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How Balance and Control Work in your Handstand

When ever we get upside down into a handstand we have 2 goals. 1) we want control so we don’t fall & 2) we want to make our line efficient so the inversion is easy and we don’t get tired fast.

Basically, we want to stay up for as long as possible. When we first learn to handstand it is completely unthinkable that one could ever be fully in control or that this drill could ever become easy but just like with everything: over time, with practice and the right focus your specific coordination for the drill will improve and you soon see handstands in a completely different light!

Home | Knowledgebase | HOW TO HANDSTAND

How Balance and
Control Work in
your Handstand

When ever we get upside down into a handstand we have 2 goals. 1) we want control so we don’t fall & 2) we want to make our line efficient so the inversion is easy and we don’t get tired fast.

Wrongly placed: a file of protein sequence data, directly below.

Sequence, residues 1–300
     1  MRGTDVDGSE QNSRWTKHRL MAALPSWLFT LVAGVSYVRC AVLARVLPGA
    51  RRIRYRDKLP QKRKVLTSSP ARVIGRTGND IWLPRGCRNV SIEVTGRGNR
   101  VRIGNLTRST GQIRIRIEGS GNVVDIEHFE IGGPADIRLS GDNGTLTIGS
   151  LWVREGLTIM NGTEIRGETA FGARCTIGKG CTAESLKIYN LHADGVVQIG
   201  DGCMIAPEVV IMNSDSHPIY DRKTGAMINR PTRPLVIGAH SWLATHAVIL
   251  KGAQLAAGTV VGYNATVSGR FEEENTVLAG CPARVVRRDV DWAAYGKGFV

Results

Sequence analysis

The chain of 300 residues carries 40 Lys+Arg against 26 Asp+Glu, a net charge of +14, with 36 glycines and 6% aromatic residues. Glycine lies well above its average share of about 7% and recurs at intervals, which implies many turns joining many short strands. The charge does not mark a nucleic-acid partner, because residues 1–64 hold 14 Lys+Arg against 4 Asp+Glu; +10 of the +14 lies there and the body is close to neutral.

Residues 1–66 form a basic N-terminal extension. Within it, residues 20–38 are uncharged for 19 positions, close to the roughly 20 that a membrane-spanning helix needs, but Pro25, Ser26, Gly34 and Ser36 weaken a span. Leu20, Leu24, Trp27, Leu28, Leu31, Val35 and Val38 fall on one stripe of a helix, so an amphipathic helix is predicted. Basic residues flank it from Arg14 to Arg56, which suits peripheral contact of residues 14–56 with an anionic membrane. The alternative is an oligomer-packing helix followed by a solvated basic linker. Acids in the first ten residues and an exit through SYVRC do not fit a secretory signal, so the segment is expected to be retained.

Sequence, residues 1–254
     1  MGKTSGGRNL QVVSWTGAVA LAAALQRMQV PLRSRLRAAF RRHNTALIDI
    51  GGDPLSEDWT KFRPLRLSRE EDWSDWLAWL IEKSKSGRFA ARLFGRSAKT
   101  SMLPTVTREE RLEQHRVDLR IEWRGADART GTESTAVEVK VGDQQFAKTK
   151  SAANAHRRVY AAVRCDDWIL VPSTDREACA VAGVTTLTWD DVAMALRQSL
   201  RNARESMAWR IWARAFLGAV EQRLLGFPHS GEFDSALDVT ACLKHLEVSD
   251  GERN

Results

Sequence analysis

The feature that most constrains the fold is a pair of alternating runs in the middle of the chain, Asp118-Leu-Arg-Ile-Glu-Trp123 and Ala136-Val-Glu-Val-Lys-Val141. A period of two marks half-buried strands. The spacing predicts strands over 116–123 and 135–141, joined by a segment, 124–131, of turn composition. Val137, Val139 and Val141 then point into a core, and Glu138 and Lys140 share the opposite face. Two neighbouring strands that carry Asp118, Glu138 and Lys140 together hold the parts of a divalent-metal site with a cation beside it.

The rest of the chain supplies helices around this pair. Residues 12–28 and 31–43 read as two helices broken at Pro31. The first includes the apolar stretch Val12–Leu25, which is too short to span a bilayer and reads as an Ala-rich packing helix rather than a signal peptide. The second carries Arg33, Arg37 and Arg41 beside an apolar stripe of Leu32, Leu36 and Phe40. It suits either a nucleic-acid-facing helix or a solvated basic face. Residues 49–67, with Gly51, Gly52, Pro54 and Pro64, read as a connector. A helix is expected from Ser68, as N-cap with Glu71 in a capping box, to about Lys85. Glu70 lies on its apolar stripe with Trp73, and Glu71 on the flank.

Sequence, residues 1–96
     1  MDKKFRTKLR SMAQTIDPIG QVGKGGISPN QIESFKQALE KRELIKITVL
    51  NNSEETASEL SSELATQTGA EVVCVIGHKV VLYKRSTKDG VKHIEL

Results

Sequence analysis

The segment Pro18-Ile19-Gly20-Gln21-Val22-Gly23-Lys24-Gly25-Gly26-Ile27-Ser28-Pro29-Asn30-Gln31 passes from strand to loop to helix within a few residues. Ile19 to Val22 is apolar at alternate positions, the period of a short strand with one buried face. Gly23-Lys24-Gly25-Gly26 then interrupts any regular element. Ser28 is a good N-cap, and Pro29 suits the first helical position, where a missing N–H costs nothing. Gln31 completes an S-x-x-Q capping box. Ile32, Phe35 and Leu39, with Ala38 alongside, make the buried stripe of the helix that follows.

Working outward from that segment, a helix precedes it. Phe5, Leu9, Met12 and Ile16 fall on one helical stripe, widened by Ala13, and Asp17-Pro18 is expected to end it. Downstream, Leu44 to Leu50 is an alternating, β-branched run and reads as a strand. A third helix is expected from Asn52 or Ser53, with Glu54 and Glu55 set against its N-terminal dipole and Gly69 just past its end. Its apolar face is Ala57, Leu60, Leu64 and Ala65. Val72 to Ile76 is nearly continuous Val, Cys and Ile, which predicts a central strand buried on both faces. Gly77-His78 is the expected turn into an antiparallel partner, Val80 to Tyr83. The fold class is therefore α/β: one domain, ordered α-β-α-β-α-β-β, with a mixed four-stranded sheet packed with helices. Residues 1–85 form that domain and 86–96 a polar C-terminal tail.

Basically, we want to stay up for as long as possible. When we first learn to handstand it is completely unthinkable that one could ever be fully in control or that this drill could ever become easy but just like with everything: over time, with practice and the right focus your specific coordination for the drill will improve and you soon see handstands in a completely different light!

Not all ways lead to Rome

Many coaches will tell you that you need to find your own technique and approach. Try around and see what works best. Everybody is different and everybody’s handstand should be different.

If a coach tells you that, better turn around and run the other direction. This person clearly hasn’t truly understood how handstands work and is someone giving tips at best but surely not a coach.